In Memory of
U.S. Army Corporal Woonsocket, South Dakota
Sanborn County

July 5, 1929 – October 14, 1952 (MIA)
                       March 11, 1954 (FOD)
Missing in Action, Presumed Dead in Korea

Robert Keith Mathis was born July 5, 1929, at Letcher, South Dakota, to Dewey Iowa and Alverta Elizabeth (Newton) Mathis. He was one of four sons. His oldest brother, Donald, died of spinal meningitis at the age of 12. Robert graduated from Letcher High School in 1948. Before he entered the service, Robert farmed with his father and his younger brother, Eldon. Robert was considerate and well-liked by many friends and relatives. His family remembers that he liked “to go to dances and parties and have a good time.”

Mathis was drafted and entered active service in the U.S. Army on September 20, 1951, at Sioux Falls. After his basic training, Corporal Mathis was home on leave for Christmas in December of 1951. He came home on leave a second time from February 6, to February 23, 1952. After returning to duty he was sent to Fort Lawton, Washington, and from there left for overseas duty on March 18, 1952, arriving in Korea in April. He was in Company C, 1st Battalion, 31st Infantry Regiment, 7th Infantry Division.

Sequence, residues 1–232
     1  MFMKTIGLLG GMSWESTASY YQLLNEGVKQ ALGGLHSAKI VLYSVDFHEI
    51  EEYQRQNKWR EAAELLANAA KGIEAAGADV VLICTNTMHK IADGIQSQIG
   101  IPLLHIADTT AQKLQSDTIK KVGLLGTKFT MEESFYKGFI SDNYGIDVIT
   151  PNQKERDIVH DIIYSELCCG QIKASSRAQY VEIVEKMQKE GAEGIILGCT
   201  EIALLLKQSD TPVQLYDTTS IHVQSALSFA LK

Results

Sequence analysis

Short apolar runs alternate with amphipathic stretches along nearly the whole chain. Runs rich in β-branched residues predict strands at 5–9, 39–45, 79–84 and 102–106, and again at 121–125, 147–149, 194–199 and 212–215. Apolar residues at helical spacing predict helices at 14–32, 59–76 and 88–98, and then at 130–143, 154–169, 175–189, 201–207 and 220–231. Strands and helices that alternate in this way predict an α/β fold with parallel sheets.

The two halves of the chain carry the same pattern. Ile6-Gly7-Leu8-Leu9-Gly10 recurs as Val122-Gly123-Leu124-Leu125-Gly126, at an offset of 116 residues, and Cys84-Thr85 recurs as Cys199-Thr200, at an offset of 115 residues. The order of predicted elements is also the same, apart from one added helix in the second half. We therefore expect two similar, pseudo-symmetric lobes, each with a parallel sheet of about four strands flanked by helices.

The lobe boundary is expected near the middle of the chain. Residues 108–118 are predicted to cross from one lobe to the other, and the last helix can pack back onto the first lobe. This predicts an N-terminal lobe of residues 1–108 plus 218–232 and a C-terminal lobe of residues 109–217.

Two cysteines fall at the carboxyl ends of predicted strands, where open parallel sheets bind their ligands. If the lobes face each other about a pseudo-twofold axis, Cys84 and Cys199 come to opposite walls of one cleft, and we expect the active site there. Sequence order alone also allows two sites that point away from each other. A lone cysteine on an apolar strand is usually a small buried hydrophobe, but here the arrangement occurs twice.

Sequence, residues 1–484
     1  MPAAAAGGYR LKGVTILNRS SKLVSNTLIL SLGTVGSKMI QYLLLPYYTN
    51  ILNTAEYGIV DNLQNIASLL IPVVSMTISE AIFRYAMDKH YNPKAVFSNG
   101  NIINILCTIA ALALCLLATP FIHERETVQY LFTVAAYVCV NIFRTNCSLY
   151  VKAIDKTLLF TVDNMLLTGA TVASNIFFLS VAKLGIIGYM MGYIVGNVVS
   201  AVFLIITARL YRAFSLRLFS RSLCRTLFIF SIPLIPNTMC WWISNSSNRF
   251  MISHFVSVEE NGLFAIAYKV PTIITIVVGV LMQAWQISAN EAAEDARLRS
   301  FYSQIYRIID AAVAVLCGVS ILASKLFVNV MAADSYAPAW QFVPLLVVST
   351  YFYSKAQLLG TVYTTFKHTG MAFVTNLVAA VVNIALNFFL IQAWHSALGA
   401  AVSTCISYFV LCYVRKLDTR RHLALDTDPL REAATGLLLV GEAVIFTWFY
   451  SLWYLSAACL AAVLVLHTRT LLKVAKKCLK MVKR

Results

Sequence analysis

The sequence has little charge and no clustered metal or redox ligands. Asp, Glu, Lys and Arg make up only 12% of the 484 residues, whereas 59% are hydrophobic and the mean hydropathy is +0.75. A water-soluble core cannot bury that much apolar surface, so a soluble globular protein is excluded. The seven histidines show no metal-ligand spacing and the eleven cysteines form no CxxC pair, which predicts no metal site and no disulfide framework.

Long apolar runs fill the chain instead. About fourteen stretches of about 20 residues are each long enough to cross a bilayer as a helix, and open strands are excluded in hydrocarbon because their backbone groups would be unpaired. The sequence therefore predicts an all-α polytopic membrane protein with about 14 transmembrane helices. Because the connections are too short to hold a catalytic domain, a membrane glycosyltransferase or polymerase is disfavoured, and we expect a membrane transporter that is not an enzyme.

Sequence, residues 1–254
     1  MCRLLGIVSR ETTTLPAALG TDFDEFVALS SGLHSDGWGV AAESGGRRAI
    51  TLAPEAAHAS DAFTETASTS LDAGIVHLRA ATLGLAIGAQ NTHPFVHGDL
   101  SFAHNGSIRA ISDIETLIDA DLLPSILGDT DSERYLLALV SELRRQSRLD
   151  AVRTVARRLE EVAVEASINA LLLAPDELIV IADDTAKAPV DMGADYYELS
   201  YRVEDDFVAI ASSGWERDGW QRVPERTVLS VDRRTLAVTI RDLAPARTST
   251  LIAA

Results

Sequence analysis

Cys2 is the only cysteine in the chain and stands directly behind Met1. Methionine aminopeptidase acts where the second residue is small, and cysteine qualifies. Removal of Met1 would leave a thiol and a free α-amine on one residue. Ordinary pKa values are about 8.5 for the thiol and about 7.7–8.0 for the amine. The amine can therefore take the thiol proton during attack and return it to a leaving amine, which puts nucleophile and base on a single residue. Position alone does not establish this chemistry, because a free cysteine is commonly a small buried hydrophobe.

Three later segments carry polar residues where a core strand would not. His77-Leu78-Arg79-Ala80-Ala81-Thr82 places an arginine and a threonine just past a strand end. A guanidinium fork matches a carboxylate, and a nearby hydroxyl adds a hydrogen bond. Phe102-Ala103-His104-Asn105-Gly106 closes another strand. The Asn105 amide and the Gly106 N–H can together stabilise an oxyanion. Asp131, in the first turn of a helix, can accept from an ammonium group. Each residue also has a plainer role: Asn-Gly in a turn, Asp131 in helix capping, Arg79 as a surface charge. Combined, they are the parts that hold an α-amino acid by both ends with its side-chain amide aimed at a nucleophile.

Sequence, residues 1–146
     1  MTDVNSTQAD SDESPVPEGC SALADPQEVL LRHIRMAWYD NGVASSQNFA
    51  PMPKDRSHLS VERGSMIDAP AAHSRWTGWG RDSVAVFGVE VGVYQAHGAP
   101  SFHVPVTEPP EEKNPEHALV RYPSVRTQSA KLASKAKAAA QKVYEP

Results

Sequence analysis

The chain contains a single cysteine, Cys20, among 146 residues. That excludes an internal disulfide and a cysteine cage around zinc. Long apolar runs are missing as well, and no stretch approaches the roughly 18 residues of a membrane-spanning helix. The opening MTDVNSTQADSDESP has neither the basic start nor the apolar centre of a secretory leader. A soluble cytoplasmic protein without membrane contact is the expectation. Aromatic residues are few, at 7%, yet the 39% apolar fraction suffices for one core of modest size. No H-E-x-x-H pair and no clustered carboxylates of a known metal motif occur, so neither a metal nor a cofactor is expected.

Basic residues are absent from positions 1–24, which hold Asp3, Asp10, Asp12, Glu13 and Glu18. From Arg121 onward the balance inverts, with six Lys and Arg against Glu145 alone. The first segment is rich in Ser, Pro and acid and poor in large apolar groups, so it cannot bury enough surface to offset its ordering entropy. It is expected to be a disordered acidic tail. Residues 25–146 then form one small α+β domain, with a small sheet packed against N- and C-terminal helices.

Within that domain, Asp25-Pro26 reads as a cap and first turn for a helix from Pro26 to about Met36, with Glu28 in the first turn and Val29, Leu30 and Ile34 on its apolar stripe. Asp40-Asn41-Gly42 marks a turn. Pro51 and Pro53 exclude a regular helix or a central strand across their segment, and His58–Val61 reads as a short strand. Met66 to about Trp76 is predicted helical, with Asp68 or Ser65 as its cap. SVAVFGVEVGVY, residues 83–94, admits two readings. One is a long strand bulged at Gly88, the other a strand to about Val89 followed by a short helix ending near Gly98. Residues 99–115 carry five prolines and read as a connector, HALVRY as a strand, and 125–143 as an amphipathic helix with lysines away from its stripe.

Corporal Robert Keith Mathis was declared missing in action in Korea on October 14, 1952. When nothing further was learned about the fate of Corporal Mathis, he was declared presumed dead in Korea on March 11, 1954. His body was not recovered, but he has a memorial stone in his honor at the Mitchell Cemetery and in the Woonsocket cemetery.

Corporal Mathis was awarded the Purple Heart, Combat Infantryman’s Badge, the Korean Service Medal, the United Nations Service Medal, the National Defense Service Medal, and the Korean War Service Medal.

Robert’s youngest brother, Norval, also served in the Korean War and is still farming in the Woonsocket area.

This entry is respectfully submitted by Hillary Stevens, 8th Grade, Spearfish Middle School, Spearfish South Dakota. Information for this entry was obtained from the SD National Guard Museum, the ABMC website, an application for a SD veteran’s bonus, and the Woonsocket newspaper, November 13, 1952, issue. Additional information and profile approval by Norval Mathis, brother.